The Dragoboys of Ortaköy

How an elite corps of British diplomats were trained

In the late 19th century, in the face of an increasingly corrupt consular service in the Near East, ambitious plans were laid in Istanbul to train an elite corps of young British diplomats. By David Morray

  • Sir Robert Graves (class of 1879), in the costume of a Scutari Muslim bey

Towards the end of 1877, a party of six young Englishmen arrived by sea in Istanbul. They were conducted to Misseri’s hotel on the Grand’ Rue de Pera (İstiklal Caddesi), where they stayed for a few days without incident, save that one of them was arrested for carrying a revolver in his pocket. They then proceeded to the village of Ortaköy on the European shore of the Bosphorus, less distinctly a village nowadays, perhaps, and in the shadow of the Bosphorus Bridge, but still visited for its neo-baroque mosque and designer bars.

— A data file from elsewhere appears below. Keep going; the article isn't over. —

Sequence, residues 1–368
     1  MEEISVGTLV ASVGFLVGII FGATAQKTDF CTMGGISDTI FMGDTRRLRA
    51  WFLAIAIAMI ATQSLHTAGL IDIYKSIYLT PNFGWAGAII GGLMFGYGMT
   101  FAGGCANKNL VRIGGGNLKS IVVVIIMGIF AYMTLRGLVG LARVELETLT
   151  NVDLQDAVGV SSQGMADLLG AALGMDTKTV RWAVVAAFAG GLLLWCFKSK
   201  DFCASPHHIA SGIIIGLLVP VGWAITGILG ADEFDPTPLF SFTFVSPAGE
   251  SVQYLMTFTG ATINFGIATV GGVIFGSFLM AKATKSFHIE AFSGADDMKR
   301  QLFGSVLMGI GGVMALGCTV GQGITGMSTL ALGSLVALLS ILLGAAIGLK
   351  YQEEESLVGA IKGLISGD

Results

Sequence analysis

At Ortaköy, which was to be their home for the next two years, the group found arrangements to be rather spartan. But the situation was nothing that initiative and youthful optimism could not make the best of: ‘The school was a rickety old wooden house, with an uncared-for garden in three terraces, one of which we quickly converted into a lawn tennis court, and a very airy shed dignified with the name of stables. Here we soon shook down and commenced our studies.’

Their good-humoured but resolute occupation of a dilapidated estate in a sleepy seaside hamlet actually marked the beginning of a sweeping overhaul of British consular representation in the Near East. Reform had long been advocated. With some exceptions, the service had fallen into disrepute. Indeed, in the middle of the 19th century, Edmund Hornby, later to become a Judge of the British Supreme Consular Court of the Levant, had been charged with rooting out offenders. He did not pull his punches: ‘The Vice-Consul of Cyprus I tried for scuttling a ship, said to be laden with silk, to defraud the insurance company. Another – a Consul and otherwise a valuable public servant, an Englishman – insured a ship he called Poseidon that never existed. I forgot what sentence he got, and I rather think he committed suicide.’…

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